Identify a safe location to bring your pet – a pet-friendly hotel, a shelter that accepts animals or a friend’s home – so you know where to take them in the event of a disaster. Check with your municipality or county for pet shelter areas. DO NOT leave pets at home if you evacuate your house.

In the event you can’t get back to your house, arrange for a trusted friend or neighbor to retrieve or care for your animals. This person should have a key, be comfortable with your pets and know where your pet’s disaster supply kit is kept.

Up-to-date medications and vaccination history

Medical records and an information sheet on special needs/feeding and exercise regimens for the boarding facility or shelter

Veterinarian’s phone number

Properly-sized carriers for transporting and housing (especially if evacuation to a pet friendly shelter is necessary)

Sturdy leash

Food and potable water and bowls

Pet first aid kit

Plastic bags

Cat litter/pan

Can opener


Pet toys and beds

Current photo(s) of your pets in case they get lost

Out-of-state phone number of a friend or relative to contact should your home phone be out of service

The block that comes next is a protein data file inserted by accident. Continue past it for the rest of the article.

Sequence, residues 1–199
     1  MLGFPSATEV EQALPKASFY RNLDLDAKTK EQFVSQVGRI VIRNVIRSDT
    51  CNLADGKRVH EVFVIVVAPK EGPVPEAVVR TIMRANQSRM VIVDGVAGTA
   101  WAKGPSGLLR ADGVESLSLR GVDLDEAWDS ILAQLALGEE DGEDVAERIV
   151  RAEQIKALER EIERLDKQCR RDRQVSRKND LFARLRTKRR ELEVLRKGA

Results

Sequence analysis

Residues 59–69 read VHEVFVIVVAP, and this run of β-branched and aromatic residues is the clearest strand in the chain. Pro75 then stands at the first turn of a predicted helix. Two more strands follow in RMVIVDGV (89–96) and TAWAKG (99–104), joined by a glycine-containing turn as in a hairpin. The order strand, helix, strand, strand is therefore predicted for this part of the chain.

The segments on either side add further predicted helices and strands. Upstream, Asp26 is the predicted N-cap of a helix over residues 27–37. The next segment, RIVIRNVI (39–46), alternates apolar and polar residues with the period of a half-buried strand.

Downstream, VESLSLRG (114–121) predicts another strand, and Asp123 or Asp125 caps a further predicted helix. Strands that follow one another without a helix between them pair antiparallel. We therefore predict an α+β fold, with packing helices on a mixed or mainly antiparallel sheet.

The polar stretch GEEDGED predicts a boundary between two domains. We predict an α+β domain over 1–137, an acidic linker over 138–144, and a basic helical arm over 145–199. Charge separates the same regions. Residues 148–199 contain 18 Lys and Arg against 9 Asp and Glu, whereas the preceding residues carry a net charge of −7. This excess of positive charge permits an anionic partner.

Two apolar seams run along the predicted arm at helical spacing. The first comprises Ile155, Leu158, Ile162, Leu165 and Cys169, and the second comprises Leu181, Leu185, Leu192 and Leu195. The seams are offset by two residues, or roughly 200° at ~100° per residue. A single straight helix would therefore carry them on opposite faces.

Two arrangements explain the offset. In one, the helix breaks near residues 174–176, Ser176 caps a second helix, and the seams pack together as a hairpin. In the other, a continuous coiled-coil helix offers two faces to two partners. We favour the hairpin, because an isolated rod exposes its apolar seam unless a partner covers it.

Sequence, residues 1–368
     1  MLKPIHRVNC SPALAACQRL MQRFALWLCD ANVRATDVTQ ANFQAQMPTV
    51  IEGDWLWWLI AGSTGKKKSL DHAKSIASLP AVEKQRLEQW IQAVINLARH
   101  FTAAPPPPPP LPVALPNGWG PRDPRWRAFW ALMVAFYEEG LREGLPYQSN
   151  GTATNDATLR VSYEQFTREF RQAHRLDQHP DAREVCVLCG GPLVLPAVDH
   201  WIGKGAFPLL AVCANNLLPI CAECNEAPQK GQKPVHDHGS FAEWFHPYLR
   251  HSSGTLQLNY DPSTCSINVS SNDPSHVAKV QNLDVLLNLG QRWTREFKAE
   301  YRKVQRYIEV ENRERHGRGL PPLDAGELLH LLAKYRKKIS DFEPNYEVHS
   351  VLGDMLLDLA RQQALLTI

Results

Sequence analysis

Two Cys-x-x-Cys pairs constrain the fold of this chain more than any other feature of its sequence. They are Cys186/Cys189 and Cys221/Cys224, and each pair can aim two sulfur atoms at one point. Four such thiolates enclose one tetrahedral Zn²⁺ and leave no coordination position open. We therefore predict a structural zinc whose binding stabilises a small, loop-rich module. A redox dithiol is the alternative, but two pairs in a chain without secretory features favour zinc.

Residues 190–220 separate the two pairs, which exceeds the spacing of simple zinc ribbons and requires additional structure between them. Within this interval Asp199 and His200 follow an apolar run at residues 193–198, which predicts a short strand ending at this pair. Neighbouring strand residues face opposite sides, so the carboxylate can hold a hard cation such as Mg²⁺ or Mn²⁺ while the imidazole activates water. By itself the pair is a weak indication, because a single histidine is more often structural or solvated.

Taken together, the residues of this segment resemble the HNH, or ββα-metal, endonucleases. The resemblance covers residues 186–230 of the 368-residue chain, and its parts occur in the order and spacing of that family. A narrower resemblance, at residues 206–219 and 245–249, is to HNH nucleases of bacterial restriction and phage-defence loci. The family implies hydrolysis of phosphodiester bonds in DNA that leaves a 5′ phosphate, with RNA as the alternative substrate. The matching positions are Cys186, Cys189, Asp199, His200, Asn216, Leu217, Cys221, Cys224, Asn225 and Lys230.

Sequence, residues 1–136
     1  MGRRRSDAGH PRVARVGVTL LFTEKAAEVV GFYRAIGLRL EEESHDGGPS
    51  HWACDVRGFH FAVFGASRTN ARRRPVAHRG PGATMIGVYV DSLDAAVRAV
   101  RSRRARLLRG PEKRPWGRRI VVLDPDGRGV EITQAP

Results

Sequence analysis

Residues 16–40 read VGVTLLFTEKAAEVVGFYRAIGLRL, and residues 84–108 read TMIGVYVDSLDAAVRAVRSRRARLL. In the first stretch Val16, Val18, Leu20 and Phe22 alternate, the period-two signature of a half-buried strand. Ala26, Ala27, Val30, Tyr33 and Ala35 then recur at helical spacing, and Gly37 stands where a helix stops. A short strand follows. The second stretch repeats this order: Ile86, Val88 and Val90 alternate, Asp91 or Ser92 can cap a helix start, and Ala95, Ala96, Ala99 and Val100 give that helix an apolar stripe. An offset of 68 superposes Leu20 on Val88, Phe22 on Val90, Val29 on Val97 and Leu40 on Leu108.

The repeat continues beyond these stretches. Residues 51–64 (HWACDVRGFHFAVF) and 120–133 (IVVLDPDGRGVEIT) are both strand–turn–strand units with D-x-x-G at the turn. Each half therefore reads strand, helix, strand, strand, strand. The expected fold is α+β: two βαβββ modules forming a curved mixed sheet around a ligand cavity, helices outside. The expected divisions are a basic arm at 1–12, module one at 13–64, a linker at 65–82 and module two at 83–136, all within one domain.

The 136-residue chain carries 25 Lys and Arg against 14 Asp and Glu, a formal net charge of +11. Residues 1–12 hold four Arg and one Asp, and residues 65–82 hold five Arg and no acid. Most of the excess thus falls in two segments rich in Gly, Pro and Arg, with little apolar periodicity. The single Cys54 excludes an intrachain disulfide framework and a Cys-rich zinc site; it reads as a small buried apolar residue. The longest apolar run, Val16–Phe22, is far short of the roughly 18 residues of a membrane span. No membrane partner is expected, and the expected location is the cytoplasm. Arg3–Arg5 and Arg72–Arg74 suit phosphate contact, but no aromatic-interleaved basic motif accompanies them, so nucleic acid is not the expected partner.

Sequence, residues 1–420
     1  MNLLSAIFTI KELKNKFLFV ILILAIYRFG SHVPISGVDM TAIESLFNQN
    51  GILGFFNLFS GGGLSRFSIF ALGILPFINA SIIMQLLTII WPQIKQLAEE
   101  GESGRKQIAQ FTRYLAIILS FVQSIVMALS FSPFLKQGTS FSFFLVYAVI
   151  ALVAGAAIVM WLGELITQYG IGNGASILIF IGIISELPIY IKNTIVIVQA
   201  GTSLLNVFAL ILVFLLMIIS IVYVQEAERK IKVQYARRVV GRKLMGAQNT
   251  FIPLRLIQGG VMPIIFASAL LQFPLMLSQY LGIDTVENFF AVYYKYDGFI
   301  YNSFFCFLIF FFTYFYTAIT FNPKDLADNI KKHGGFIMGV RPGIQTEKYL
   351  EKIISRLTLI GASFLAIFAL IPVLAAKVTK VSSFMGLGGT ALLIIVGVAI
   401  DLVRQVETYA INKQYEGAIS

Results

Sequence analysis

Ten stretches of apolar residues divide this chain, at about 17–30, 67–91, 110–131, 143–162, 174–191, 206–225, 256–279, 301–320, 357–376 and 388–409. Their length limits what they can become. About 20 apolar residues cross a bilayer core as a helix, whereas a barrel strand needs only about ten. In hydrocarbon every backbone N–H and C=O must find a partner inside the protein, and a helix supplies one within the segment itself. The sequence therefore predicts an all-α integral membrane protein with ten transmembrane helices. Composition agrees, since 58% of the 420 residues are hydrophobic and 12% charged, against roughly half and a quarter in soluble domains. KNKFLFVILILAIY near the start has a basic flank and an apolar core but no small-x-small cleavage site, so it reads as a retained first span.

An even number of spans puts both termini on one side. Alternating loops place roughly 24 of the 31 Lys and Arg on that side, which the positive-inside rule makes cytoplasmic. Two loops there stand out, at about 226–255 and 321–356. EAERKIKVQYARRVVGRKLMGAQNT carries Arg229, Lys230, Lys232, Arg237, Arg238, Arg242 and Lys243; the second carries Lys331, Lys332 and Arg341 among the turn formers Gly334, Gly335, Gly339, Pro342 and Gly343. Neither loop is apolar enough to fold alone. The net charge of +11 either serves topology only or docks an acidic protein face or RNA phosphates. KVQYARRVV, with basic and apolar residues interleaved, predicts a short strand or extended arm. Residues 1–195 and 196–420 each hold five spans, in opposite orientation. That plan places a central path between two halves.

Take your pets with you!

Leaving pets behind can result in their injury, loss or death. Always take your pets with you! If they cannot stay with you during an evacuation, take them to a prearranged shelter out of the evacuation area.

After an event!

Walk pets on a leash until they become re-oriented to their home – often familiar scents and landmarks may be altered and pets could easily be confused and get lost. Also, downed power lines and other debris can all pose a threat to animals after a disaster.

If pets cannot be found after a disaster, contact the local animal control office to find out where the lost animals can be recovered. Bring along a picture of your pet if possible. When sate to return home, post your pet’s picture in the neighborhood.

After a disaster, animals can become aggressive or defensive – monitor their behavior. If you see an injured or stranded wild animal, do not attempt to help them. Call your animal control officer.

For more information on caring for your pet in a disaster go to: